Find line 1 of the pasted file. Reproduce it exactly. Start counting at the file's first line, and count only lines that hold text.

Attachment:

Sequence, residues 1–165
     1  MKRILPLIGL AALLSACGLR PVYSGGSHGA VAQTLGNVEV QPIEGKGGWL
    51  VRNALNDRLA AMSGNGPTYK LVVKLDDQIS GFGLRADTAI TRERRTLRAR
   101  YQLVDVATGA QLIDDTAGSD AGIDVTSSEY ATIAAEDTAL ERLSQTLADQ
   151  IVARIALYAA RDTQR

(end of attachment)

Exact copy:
Sequence, residues 1–165